I am investigating the mechanism of hydrogen transfer between a hydroperoxyl radical and an aromatic hydroxyl group donating it. The problem is that I cannot find transition state structure. So far, I've tried with
TS with initial geometries either based on similar reactants I'm studying or taken from the literature. In general - the angle between the hydroperoxyl radical and the hydroxyl group of the donor is about 165°, and the distances from the hydrogen atom are 1.358A and 1.076A, respectively.
These failed despite changing the optimization algorithm, by:
maxstep(even to 1);
- calculating force constants using
calcfcor only derivatives for the atoms involved (available in
- calculation of
calcfccoupled with an imposed hessian of -1 for both bonds
The other way I tried to achieve my goal was to freeze the two bond and the angle, optimize the system, and only then reactivate them and run TS (with combinations of the above changes). No satisfactory results.
The last thing I did was to perform the TS task at a lower level of theory. By default I use
M052X/6-311+G(d,p), although I have checked
6-31G(d,p), but still without success.
And now, after a long introduction, I come to the substance: I ran
scan at the desired level of theory. I set up the geometry similarly to the one shown above, although I reduced the bond length between the hydrogen atom and the hydroxyl group to 0.94 (typical for my systems in their ground state) simultaneously increasing the distance between the hydroperoxy oxygen and this hydrogen atom to about 2.0Å.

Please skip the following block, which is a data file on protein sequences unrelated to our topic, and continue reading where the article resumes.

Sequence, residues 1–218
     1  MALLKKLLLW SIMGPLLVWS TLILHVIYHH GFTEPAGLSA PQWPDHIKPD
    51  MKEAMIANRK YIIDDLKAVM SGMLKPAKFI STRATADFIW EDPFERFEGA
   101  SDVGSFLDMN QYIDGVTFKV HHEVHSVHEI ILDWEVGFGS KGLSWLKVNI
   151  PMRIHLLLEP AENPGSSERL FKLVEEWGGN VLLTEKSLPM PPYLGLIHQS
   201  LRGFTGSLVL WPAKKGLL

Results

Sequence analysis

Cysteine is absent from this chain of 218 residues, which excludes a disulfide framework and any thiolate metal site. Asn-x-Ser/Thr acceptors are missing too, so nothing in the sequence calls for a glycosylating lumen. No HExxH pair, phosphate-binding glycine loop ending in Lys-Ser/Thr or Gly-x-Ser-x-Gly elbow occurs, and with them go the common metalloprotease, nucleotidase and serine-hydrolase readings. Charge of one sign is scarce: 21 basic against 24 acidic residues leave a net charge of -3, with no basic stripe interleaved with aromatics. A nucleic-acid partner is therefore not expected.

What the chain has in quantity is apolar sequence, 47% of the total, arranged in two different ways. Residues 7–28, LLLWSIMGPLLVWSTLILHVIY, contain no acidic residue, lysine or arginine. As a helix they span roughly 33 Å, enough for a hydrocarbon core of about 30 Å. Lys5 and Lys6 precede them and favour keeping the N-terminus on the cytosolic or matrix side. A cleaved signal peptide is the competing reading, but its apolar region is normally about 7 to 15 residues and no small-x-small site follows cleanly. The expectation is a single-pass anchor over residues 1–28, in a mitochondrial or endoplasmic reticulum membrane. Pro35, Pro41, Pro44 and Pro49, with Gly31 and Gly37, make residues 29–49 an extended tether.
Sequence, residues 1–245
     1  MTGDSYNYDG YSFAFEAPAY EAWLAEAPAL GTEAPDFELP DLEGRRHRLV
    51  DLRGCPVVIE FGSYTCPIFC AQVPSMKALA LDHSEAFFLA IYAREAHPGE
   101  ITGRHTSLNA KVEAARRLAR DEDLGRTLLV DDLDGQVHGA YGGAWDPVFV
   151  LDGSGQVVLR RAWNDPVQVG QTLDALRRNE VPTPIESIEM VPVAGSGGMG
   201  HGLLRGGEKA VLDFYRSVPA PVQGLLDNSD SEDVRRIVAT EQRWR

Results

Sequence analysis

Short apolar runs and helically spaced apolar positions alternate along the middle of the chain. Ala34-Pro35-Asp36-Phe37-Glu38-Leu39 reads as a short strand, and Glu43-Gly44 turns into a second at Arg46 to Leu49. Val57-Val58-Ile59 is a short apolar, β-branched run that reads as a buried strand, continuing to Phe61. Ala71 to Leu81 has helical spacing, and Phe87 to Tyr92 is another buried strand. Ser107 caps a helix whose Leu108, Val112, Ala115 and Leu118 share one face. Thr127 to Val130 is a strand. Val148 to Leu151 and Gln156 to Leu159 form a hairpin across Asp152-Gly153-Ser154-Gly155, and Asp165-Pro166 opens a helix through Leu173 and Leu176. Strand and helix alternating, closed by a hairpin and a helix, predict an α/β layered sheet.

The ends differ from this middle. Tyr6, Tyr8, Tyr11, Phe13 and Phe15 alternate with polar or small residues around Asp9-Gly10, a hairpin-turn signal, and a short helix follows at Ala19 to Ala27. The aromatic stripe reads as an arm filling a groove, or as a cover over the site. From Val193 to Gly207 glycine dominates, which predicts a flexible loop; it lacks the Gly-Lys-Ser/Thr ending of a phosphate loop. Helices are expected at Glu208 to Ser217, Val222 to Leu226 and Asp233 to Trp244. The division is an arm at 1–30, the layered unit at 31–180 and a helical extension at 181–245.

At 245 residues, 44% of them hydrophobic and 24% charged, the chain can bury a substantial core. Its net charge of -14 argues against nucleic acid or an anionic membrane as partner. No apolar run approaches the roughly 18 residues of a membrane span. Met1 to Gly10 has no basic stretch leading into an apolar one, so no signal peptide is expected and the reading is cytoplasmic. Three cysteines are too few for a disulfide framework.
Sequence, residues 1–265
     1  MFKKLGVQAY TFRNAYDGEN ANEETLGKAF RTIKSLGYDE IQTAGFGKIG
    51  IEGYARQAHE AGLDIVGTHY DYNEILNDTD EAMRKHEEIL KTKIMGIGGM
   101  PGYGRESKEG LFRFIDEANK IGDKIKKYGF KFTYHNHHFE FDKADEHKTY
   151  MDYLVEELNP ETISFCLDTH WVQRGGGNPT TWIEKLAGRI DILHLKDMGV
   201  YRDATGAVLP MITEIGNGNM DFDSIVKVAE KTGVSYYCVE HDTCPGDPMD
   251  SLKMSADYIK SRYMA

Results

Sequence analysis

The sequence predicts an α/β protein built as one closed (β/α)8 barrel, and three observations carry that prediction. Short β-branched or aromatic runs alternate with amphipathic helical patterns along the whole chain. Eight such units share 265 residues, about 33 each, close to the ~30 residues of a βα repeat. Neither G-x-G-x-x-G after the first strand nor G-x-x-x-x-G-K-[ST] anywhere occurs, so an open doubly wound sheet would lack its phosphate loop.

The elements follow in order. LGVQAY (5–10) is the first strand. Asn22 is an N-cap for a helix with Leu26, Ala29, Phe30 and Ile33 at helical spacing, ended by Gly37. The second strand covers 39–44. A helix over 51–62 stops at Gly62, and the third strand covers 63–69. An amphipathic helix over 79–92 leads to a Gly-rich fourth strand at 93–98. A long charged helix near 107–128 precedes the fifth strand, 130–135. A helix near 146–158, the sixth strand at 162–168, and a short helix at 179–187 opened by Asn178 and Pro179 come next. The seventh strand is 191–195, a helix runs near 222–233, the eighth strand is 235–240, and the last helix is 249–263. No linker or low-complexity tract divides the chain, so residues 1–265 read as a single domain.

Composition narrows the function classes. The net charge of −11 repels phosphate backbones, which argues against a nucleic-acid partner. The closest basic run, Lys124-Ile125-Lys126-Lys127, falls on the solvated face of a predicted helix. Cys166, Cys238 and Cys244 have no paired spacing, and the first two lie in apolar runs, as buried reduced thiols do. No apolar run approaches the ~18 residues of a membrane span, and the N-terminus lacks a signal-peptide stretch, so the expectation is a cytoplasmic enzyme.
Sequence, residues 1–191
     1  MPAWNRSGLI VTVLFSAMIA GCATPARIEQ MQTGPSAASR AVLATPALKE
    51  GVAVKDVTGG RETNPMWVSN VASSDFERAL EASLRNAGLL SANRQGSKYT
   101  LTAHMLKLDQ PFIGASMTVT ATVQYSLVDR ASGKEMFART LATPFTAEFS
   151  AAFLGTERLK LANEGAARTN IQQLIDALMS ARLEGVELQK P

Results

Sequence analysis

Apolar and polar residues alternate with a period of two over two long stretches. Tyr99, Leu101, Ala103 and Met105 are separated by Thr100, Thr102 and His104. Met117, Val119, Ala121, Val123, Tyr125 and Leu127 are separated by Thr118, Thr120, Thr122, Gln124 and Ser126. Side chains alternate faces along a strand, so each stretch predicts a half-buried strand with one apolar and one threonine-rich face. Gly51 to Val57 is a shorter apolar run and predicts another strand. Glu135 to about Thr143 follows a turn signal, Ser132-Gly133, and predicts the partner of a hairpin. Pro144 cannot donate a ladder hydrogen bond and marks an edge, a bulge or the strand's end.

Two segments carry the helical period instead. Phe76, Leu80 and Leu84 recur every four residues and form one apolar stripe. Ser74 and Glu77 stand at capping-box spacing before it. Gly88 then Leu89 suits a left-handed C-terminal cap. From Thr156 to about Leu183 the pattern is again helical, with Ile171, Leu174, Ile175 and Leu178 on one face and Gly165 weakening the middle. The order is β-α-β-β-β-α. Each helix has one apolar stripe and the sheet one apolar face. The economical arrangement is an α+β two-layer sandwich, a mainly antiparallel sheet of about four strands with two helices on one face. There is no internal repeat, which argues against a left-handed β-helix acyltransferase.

I ran the simulation for 50 steps every -0.05Å and.... here a certain problem arises. Following the literature and previous works, in such transition states the hydrogen atom is perpendicular to the oxygen of the aromatic hydroxyl group, while the hydroperoxy radical is parallel to the system in sandwich form. To be precise, it lies above/below it. Therefore, the initial structure was constructed this way. However, as a result of the scanning, the hydroperoxy radical shifts to completely the same plane, influencing the hydrogen to follow the same geometry.
The resulting energy scan suggests a barrier-free reaction, but due to the mentioned glitch I can't believe the outcomes. I tried lowering the
maxstep for the scan, and also doing an
calcfc (although I'm not sure if either of those two affect the
scan algorithm) though with the effect.
I appreciate a solution to this issue. Or what are other options I can take to find a TS or energy scan that really reflects the barrierless path of the process (which I think is more true in this particular case).
Thanks in advance.